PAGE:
Okinawa marks 50 years of end to US rule amid protests
Okinawa Governor Denny Tamaki on Sunday urged Japan’s central government to do more to reduce the US military presence in the southern island group as it marked the 50th anniversary of its return to Japan after 27 years of American rule, amid frustration and bitterness over a lack of support from the mainland.
Tamaki said Okinawa has come a long way since the devastation of World War II and nearly three decades of US rule, which ended when it reverted to Japan on May 15, 1972. But the tiny island group’s yearslong demand for the mainland to share its security burden remains unresolved.
“I call on the central government to share with the entire nation the significance of Okinawa’s reversion and the importance of permanent peace that Okinawans have long craved for,” Tamaki said.
Ceremonies marking the anniversary were held simultaneously in two locations – one in the Okinawan city of Ginowan, home to a disputed US air station, and the other in Tokyo. The separate ceremonies symbolise the deep divide in views over Okinawa’s history and ongoing suffering.
Prime Minister Fumio Kishida said he takes Okinawa’s concerns seriously and will make efforts to reduce the burden, while still maintaining US military deterrence on the islands.
Kishida and his minister in charge of the islands were in Okinawa, where hundreds of protesters staged a rally on Saturday demanding a speedier reduction of US military forces, as fears grow that Okinawa may become a front line of conflict amid rising China tensions.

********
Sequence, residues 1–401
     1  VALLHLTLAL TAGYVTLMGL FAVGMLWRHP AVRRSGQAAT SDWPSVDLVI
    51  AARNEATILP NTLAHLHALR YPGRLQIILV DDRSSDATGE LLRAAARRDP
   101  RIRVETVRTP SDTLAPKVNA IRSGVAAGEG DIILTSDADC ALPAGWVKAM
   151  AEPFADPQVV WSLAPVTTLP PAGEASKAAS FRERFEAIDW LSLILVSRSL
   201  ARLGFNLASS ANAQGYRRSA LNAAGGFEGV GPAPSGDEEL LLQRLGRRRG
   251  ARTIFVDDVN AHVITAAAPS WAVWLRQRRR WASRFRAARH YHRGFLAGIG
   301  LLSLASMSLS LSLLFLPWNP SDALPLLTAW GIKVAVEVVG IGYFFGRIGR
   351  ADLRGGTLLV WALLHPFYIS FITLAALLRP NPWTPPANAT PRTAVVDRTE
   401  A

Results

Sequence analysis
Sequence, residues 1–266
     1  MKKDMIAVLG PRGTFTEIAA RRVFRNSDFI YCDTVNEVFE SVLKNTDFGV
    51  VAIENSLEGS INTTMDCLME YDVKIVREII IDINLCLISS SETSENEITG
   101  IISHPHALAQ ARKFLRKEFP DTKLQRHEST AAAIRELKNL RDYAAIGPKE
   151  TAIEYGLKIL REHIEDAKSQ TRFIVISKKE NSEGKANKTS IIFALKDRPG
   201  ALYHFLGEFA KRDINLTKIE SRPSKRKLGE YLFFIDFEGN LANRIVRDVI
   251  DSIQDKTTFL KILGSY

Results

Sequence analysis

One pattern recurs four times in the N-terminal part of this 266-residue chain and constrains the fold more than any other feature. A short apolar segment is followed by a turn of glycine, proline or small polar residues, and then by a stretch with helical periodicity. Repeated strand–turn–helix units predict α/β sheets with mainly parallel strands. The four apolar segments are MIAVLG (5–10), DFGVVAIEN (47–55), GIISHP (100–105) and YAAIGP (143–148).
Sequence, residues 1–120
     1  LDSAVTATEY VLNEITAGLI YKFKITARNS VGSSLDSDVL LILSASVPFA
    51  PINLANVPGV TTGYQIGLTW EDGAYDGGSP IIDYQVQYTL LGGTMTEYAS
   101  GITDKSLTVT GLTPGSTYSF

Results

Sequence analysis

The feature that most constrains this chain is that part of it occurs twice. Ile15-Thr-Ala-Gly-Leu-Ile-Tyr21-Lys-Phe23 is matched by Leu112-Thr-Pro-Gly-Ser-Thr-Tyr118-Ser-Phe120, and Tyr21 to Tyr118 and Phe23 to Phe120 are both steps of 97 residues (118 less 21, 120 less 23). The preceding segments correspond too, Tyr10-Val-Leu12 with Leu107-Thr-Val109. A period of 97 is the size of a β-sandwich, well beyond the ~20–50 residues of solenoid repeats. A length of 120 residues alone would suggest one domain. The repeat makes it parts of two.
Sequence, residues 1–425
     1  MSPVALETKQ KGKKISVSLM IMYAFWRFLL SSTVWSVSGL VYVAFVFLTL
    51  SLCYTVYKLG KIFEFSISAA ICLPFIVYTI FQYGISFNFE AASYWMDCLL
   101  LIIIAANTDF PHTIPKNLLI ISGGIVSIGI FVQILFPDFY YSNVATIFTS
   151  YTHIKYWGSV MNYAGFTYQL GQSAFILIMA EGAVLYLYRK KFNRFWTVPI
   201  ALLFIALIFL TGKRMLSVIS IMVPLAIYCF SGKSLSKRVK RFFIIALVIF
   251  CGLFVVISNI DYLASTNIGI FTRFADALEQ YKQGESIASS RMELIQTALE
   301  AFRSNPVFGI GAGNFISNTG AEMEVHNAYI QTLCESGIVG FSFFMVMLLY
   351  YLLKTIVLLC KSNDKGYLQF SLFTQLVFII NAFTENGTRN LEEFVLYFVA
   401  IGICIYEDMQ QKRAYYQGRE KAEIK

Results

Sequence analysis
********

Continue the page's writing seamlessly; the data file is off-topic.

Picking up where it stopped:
More protests were held on Sunday on Okinawa, including one in the prefectural capital of Naha, where nearly 1,000 people renewed their demands for peace.
RESENTMENT RUNS DEEP
Resentment and frustration run deep in Okinawa over the heavy US presence and Tokyo’s lack of effort to negotiate with Washington to balance the security burden between mainland Japan and the southern island group.
Because of the US bases, Okinawa faces burdens, including noise, pollution, accidents and crime related to American troops, Okinawan officials and residents say.
Adding to Okinawa’s fears is the growing deployment of Japanese missile defence and amphibious capabilities on Okinawa’s outer islands, including Ishigaki, Miyako and Yonaguni, which are close to geopolitical hotspots like Taiwan.
Okinawa was the site of one of the bloodiest battles of World War II, which killed about 200,000 people, nearly half of them Okinawan residents.
Okinawa was sacrificed by Japan’s imperial army to defend the mainland, and many Okinawans are sceptical that the Japanese military would protect them in future conflicts, experts say.
The US military kept its troop presence on the island group for 20 years longer than most of Japan, until 1972, due to Okinawa’s strategic importance for Pacific security to deter Russia and communism.
Many Okinawans had hoped that the islands’ return to Japan would improve the economy and human rights situation as well as base burdens.
Today, a majority of the 50,000 US troops based in Japan under a bilateral security pact and 70 per cent of military facilities are still in Okinawa, which accounts for only 0.6 per cent of Japanese land. The burden has increased from less than 60 per cent in 1972 because unwelcomed US bases were moved from the mainland.
Emperor Naruhito, in his online speech from his Tokyo palace, acknowledged “many issues” remain on Okinawa and said, “I hope that the people, including the younger generation, will have a deeper understanding of Okinawa.”
His abdicated father, Akihito, devoted to atoning for scars of the war fought in his father Hirohito’s name, was nearly hit by a Molotov cocktail during a 1975 visit as crown prince, but continued showing a special interest in Okinawa.